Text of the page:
Thomas C Griscom

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This article is part of the Tobacco portal on Sourcewatch funded from 2006 - 2009 by the American Legacy Foundation.

Tom C. Griscom was the Executive Vice President for External Relations with the RJ Reynolds Tobacco company. Before that, he was the Director of Communications for President Ronald Reagan; a Press Secretary for former US Senator Howard H. Baker Jr. (R-Tenn.); an journalistic employee of Rupert Murdoch's News Ltd; and eventually a public relations consultant and industry lobbyist with Powell-Tate (a Cassidy PR subsidiary).

Currently he is the Executive Editor and Publisher of the Chattanooga Times Free Press.

Before entering the political and lobbying business, Tom Griscom was employed as the political editor at the same Chattanooga Times he later returned to edit. In 1978 he joined the staff of Senator Howard Baker which then gave him a key role in the Reagan Administration. As Baker's senior staffer, he essentially ran the day-to-day operations at the White House while Baker was Chief of Staff, while simultaneously maintaining the strong links between the Administration and the Republican Party. [1]

Griscom also served in the 1990s as the executive vice president for external relations for the RJ Reynolds Tobacco company, as an employee of Rupert Murdoch's News Ltd; and as a public relations consultant with Powell-Tate.[1]

In December 1998, Fortune magazine's "The Power of 25: the influence merchants" named Griscom, along with other ex-White House staff, ex-politicians and sons-of-politicians, as a key lobbyist in Washington.[2]

Documents & Timelines

1949 born Thomas Cecil Griscom

1976-78 Political Editor at the Chatanooga Times Free Press.

1978-87 He was a top aide and adviser for a decade to U.S. Senator Howard Baker of Tennessee,

1987-88 Director of White House Communications under President Ronald Reagan

His most notable claim during this period was that, in 1987, as Communications Director at the White House, he approved and promoted (against diplomatic advice) Peter Robinson's draft rabble-rousing speech made at the Berlin Wall, where President Reagan demanded that Russian President Gorbachev "tear down this wall".[2]

1990: When the Reagan Administration ended he joined R.J. Reynolds Tobacco Company (RJR) as head of its External Relations program. Over the next ten years he was responsible for the company's strategic operations against the growing anti-smoking forces, and for conducting its political dirty-tricks campaigns. He organized and administered their involvement in many of the cooperative campaigns conducted with Philip Morris and the Tobacco Institute in lobbying Congress to blocking anti-smoking legislation, and often took a lead role in conducting misinformation campaigns for media and public consumption -- especially in the promotion of the idea that "health-regulations were largely the product of junk-science."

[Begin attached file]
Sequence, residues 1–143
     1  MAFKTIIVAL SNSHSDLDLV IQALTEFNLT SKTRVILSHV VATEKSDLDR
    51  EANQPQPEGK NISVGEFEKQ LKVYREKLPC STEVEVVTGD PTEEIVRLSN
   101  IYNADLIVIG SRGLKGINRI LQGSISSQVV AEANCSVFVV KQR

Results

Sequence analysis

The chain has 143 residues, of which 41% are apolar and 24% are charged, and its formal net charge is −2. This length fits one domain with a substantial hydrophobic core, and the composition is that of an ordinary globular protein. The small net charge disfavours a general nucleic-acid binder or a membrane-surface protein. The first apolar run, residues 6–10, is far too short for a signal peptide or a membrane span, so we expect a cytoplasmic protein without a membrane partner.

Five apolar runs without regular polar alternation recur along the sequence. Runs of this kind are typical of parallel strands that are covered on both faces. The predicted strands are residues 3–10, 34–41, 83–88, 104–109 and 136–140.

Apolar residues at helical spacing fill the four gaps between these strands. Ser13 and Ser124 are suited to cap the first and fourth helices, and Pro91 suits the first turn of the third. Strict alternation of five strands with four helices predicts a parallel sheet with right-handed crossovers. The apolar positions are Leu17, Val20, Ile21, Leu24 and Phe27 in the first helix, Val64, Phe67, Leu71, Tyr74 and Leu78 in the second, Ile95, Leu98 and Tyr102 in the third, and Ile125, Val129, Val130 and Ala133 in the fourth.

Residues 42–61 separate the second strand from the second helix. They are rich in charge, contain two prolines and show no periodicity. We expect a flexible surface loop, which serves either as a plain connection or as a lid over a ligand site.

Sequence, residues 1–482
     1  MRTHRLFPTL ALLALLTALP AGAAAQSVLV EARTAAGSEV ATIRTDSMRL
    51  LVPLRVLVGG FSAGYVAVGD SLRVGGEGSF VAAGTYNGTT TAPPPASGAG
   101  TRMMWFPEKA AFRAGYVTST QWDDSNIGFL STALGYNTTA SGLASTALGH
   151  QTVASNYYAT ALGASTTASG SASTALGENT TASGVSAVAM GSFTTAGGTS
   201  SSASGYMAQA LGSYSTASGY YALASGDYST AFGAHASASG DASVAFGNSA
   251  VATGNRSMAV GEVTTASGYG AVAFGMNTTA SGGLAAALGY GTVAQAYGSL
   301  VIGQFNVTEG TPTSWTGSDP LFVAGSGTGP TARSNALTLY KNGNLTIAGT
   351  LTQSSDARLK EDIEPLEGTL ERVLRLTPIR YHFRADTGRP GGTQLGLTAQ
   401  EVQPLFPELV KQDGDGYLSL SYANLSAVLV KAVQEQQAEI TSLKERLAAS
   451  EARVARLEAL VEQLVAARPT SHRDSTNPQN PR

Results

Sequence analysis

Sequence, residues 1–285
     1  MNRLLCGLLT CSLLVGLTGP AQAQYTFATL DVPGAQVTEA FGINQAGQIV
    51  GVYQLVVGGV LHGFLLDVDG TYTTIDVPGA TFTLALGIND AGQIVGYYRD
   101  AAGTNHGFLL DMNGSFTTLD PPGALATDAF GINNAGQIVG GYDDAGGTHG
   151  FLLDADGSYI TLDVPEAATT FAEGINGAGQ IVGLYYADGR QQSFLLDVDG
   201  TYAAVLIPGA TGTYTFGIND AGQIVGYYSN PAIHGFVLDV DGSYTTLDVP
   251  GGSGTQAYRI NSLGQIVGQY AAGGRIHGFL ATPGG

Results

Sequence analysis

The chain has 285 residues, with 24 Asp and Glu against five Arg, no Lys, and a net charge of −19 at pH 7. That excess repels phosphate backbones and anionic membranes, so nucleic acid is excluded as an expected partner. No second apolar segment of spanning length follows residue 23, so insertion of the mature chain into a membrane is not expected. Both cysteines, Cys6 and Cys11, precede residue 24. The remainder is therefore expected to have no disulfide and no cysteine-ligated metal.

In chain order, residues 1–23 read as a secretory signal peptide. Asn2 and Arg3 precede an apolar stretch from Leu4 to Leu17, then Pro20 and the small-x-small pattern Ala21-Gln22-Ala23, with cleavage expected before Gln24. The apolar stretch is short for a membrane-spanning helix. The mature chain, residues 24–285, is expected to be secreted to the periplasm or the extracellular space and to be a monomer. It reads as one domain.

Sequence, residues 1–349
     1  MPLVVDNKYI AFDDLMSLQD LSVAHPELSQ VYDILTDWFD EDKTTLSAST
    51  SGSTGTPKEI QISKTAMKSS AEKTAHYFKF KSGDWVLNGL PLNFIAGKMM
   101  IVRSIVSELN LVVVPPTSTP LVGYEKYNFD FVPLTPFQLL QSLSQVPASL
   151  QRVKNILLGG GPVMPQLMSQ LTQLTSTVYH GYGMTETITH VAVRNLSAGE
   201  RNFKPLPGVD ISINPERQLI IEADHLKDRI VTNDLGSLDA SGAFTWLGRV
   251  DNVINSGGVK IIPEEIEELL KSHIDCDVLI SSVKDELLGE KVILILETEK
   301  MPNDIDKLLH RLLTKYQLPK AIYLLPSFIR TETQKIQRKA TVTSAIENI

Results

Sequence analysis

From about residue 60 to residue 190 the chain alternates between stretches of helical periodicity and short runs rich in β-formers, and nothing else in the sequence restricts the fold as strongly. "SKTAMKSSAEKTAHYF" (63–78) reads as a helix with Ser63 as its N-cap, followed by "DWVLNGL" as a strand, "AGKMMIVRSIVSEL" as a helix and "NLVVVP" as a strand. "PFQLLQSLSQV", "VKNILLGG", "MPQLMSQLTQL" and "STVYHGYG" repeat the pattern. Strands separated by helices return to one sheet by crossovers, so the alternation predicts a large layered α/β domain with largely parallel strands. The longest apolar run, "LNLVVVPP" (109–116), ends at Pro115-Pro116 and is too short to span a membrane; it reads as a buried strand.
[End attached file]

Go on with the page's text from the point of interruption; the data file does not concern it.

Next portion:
Not long after joining RJR, he became one of the key directors on the management committee of the Tobacco Institute, which was responsible for secretly-funding friendly think-tanks and other organizations, and for organizing scientists, lawyers and other business allies to attack regulatory measures which blocked cigarette advertising. Later their attention turned to attacking the introduction of environmental and health regulations. [3]

In mid-1996 the fake "grassroots science" organization known as The Advancement of Sound Science Coalition (TASSC) was partly-exposed as being funded by Philip Morris. The operation, together with Steve Milloy, who ran both the organization and its web-site [3], were transferred to the control of Reynolds under Griscom so that Philip Morris could deny involvement. [4]

Subcontracted to Powell-Tate

1996 OCT /E Griscom subcontracted the administration of this "sound-science" operation to Jody Powell, ex-press secretary to former U.S. President Jimmy Carter, and Sheila Tate, Nancy Reagan's adviser, at the Powell-Tate lobby shop. During this time RJR and Powell-Tate also jointly handled the promotion and distribution of Milloy's book "Science without Sense [5] [6] Similar books promoting pro-tobacco positions were commissioned, and payment laundered, through other "think-tanks" that employed well-known academic authors. [7]

1997 One other "successful" propaganda program run by Griscom’s staff at this time was to characterize relatively harmless substances as "potentially cancerous." This was a key ploy in the industry's "sound-science/junk-science" campaign. One idea was to both promote as a genuine "science" claim … and ridicule the idea … that coffee could cause cancer. The attack on this "junk-science" was conducted via Milloy's junk-science web pages and some op-ed articles planted in newspapers.[citation needed]